The now-established norm of referring criminal investigations of the chief executive to the Congress was extended by Special Counsel Robert Muller to include pre-inauguration actions involving Russian collusion.  Trump’s alleged actions, taken as a presidential candidate and private citizen, implicated a sitting president.  Muller’s referral of the case to the House, which did not result in impeachment, again implicitly leans against indictment of a sitting president—even for alleged crimes committed before taking office.

Muller cited Justice Department guidelines—and they are just that, they are not federal  law or regulation—dictating that a federal prosecutor may not charge a sitting president as his reason for not indicting Donald Trump.  This decision unintentionally widened the scope of presumed immunity for the president: once in office, the chief executive is safe from criminal prosecution for actions committed before taking office.

These cases, which serve as political or historical rather than legal precedent, very deliberately side-step an uncomfortable, and undecided, question in U.S. law: How do we hold legally accountable a president who has committed a crime?  Implicit in this question are two more that we may not want to answer: Can a president be indicted for actions they took while in office? And, is the president immune from criminal indictment while serving in the office?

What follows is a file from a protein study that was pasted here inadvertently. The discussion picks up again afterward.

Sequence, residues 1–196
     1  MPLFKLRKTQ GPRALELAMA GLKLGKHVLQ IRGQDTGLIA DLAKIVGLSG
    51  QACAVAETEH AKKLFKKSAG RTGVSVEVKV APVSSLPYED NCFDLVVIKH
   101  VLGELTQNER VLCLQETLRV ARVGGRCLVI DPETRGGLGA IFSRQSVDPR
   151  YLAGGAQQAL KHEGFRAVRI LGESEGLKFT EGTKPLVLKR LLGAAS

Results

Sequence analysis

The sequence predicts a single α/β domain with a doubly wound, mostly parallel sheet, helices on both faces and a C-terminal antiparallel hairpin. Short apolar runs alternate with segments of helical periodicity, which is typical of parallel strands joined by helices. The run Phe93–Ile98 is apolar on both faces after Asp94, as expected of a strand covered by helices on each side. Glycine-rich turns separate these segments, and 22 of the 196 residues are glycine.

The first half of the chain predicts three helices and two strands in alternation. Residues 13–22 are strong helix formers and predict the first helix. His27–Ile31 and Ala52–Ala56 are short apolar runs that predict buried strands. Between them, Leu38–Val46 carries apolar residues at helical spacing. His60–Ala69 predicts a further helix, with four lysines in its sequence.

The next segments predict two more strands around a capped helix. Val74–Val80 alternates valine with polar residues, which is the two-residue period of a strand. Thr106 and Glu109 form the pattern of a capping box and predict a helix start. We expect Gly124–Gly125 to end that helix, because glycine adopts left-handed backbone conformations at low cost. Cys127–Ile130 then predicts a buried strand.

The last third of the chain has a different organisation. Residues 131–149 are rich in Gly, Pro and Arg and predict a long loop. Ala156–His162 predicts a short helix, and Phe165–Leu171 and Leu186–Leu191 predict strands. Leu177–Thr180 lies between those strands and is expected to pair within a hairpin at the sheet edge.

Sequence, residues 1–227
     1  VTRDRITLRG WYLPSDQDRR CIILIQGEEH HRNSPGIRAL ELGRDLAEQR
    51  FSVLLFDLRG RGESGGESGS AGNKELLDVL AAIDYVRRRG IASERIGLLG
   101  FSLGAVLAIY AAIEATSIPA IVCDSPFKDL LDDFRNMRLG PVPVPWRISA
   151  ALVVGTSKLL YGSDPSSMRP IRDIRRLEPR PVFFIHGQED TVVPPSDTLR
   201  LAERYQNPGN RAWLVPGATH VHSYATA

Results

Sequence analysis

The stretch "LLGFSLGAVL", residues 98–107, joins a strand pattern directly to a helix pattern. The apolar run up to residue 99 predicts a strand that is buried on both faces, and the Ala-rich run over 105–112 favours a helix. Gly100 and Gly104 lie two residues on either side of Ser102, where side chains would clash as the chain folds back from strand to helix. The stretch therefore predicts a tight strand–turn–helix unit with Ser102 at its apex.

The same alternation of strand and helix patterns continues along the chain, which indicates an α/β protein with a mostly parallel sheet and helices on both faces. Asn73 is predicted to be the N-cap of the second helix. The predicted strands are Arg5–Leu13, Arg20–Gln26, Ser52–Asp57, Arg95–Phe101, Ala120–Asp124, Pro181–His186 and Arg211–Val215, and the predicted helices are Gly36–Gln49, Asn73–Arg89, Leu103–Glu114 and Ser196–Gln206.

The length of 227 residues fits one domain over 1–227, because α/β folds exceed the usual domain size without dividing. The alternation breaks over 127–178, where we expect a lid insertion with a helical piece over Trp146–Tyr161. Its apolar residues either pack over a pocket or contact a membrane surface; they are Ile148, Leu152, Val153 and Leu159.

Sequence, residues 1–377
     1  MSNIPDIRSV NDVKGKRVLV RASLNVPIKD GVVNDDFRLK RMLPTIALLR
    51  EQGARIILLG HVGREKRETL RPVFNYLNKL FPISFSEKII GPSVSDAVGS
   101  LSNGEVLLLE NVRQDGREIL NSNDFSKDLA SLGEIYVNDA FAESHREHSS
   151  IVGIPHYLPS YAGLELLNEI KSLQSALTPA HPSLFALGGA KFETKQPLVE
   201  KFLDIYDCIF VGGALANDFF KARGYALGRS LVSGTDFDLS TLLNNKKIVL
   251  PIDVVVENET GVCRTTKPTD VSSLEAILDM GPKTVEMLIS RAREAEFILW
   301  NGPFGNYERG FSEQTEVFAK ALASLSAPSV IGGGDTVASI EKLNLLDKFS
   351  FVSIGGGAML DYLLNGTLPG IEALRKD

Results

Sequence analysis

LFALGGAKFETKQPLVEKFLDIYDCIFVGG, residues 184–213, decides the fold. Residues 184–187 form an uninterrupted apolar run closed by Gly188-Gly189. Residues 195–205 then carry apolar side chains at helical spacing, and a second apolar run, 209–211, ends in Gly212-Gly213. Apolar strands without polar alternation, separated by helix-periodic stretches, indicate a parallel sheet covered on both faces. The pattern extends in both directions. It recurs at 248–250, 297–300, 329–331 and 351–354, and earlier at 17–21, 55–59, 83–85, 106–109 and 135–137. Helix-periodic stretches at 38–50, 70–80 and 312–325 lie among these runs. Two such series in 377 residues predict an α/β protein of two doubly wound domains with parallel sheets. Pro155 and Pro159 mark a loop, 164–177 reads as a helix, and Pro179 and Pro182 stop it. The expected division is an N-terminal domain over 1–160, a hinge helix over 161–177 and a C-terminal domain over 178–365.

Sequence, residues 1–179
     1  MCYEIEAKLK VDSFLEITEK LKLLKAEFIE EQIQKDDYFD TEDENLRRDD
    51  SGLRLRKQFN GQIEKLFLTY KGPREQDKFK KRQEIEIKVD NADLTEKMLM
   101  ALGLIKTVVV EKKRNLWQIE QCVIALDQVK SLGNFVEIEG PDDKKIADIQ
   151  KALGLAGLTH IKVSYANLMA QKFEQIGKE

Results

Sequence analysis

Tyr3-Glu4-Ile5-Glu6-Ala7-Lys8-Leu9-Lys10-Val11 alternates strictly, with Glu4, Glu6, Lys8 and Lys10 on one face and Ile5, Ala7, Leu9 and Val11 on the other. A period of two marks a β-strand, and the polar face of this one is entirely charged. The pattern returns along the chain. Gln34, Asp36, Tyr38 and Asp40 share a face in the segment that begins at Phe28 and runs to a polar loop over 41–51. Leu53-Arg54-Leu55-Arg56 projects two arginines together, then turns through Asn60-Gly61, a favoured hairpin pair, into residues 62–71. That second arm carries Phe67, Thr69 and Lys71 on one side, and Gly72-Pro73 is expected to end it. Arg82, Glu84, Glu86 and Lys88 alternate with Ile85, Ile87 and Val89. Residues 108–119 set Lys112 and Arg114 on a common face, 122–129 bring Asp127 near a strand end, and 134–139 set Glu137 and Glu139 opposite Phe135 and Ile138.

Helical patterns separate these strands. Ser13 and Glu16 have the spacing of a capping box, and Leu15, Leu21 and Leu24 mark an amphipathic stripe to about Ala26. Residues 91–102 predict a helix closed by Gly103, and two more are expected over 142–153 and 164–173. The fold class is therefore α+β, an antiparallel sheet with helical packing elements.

These are serious questions nobody should be in a rush to answer because the potential answers are at least as unsettling as leaving crimes unprosecuted.  Nonetheless, there is an historical analogue to the New York case that suggests a way for justice to prevail.

That is the case of Spiro Agnew, vice president under Richard Nixon.  In 1972, the U.S. Attorney in Maryland developed a powerful case documenting extensive corruption by Agnew as governor of Maryland—that is, prior to his vice presidency.  Agnew protested his innocence and asserted he could not be prosecuted as a sitting vice president. The only alternative, under those circumstances, was to refer the case to the House of Representatives for impeachment proceedings.  At this time, Watergate was in full saprophytic bloom and the White House did not want to give Congress any practice with impeachment.  So the U.S. Attorney struck a deal with Agnew: he would resign, appear in court as a private citizen, and plead nolo contendere to a single felony charge. He paid a fine of $10,000 and was placed on three years’ probation.

In other words, a criminal case was successfully brought against a former vice president for actions taken before he assumed federal office. That is very much what we are contemplating now with Trump in New York.

This has several implications. First is what it says about the other investigations around Trump, particularly the Georgia election tampering case that allegedly occurred while Trump was President. Prosecuting a former president for actions taken while president opens up a potentially huge space for litigation of all kinds which may be in the best interest of the country to avoid.  This was an essential element of the Watergate Special Prosecutor’s reasoned decision not to indict Nixon while he served.

The second House impeachment affirms this practice because it included Trump’s alleged Georgia election tampering in the charging document.  The Georgia state case would find it difficult to avoid an unwanted court fight over the question of whether impeachment or prosecution is the most Constitutional remedy for criminal actions taken by the president while in office.